So I built an alert system.

Green means everything is good. They change colour depending on their state.

It’s pretty cool. You can define arbitrary alerts—if a battery is low, if a pressure or flow meter is out of a certain range, if water is flowing when a irrigation plan isn’t running, etc. And since I was collecting all this data anyway, I recorded the meter values over a week or so and then ran an analysis to determine and auto-generate pressure and flow alerts for the different fields, at the farm level.

I might go into the alert system’s mechanics in more detail later, but for now let’s focus on things more interesting to people who aren’t me. Suffice to say that it’s perhaps a bit overpowered.

One of the neat things about these alerts is that, in many cases, information we’ve seen previously can hint at what or where something went wrong, and we can take advantage of that. If a pressure metre reads lower than expected, it’s probable that a valve didn’t close in the previous set of active zones. So it makes sense to check those fields first. And if you know that, maybe you don’t have to drive around to all of the fields checking that none of their valves are stuck open.

So when you get an alert like this—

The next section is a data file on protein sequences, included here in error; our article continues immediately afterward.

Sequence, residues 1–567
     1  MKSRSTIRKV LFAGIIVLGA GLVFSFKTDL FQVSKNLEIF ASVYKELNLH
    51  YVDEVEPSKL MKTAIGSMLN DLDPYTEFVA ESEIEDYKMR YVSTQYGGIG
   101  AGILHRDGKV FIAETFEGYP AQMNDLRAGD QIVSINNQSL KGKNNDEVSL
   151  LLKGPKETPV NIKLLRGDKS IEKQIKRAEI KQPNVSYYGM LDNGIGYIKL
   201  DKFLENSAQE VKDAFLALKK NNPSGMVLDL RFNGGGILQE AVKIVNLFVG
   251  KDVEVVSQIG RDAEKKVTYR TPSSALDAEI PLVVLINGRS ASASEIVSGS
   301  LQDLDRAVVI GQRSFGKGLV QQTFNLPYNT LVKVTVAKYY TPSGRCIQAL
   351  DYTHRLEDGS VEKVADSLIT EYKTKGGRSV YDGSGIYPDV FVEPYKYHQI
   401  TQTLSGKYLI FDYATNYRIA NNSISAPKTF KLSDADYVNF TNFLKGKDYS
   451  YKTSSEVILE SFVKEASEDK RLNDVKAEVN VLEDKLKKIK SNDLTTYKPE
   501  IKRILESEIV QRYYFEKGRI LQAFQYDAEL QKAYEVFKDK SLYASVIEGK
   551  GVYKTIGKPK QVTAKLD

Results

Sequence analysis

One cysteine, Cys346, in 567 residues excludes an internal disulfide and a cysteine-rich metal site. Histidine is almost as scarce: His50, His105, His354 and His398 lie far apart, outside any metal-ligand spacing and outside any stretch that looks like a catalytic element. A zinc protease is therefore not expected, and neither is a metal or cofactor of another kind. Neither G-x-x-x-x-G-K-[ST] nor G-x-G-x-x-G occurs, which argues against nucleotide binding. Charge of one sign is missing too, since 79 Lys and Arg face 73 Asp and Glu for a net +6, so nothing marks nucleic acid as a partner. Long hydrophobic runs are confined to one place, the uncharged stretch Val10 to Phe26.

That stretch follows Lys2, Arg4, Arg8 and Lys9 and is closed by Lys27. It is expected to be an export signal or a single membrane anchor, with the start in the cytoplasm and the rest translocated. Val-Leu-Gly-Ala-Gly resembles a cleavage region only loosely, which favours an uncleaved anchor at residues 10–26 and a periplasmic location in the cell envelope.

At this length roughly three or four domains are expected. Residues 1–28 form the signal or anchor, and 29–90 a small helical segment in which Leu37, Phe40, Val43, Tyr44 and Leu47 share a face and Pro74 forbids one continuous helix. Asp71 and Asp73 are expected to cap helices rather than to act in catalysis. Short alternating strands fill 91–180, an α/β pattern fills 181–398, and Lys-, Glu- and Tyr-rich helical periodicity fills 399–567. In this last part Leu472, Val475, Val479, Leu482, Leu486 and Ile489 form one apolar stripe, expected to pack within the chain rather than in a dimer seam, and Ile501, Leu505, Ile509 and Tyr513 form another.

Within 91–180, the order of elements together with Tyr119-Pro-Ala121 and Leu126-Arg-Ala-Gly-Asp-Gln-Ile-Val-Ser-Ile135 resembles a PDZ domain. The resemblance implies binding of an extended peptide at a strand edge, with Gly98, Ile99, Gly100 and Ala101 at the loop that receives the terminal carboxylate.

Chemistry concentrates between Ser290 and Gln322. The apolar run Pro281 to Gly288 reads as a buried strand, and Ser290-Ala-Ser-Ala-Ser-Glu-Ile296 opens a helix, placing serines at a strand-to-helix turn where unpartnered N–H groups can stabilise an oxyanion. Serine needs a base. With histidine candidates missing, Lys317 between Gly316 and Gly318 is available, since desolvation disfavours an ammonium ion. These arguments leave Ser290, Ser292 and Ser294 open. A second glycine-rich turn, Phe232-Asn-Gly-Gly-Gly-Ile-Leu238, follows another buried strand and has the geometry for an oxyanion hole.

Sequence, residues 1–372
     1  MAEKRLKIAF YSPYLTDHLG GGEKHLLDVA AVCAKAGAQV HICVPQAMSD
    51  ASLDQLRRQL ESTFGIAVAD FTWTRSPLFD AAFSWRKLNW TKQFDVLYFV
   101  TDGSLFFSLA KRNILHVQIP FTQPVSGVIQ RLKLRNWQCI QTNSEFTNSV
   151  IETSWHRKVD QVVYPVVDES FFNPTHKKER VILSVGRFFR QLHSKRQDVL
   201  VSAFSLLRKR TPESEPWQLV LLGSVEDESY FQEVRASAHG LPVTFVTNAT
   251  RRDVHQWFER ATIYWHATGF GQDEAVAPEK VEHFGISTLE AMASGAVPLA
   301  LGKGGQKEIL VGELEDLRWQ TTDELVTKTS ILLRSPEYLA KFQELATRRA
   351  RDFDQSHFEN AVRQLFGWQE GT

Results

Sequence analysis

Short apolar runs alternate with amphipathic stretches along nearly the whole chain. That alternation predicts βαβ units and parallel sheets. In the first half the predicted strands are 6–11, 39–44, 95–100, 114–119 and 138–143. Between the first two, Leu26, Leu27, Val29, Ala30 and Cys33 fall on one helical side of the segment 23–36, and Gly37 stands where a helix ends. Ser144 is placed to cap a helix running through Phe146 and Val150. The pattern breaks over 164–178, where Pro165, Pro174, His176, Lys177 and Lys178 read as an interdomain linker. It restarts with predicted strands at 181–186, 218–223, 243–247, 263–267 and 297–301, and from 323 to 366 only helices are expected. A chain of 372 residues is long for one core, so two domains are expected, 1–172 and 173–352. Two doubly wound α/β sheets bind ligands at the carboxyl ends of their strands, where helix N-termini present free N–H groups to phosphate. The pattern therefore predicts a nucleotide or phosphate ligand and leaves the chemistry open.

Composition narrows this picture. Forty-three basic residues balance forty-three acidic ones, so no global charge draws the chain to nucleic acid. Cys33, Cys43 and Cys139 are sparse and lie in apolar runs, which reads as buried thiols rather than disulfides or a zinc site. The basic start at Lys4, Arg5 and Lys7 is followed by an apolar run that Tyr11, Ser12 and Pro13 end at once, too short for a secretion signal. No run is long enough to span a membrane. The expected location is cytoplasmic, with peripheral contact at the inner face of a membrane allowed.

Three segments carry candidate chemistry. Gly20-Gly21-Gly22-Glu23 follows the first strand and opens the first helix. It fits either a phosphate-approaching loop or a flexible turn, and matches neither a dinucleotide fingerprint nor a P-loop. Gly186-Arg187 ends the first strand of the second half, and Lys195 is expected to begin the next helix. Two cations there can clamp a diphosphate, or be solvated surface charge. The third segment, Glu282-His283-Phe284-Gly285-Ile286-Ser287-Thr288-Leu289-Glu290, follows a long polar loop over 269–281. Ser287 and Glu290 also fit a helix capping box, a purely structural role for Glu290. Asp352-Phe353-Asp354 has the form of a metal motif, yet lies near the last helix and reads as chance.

Heeringa‘s Flow meter looks high (65.1 GPM – it should be between 33 and 53). It’s likely there are too many zones open. Did Zone 11 actually turn off?

—You immediately know you should check out Zone 11.

So, I mean, go check out Zone 11 or whatever. The valve’s probably stuck open.

Posted on Programming


Sometimes when all you know is cold plastic against your fingertips, you get curious about other things. Things that aren’t programming. Your hands go clickity-clack against the keys all day and you wonder, is it the same for everyone? Do they suffer the same joys and frustrations I do? How do they plan and what are their processes like?

So you watch some Youtube videos.

And you start to wonder what knowledge they have built up, through years and experience, that they would gloss over when describing what it is they do because it’s just so ingrained. Things you would traditionally pick up piecemeal, and wouldn’t necessarily think of as a novice who doesn’t understand the questions that want asking. Or maybe they don’t even know why they do certain things past the unsatisfying answer tradition.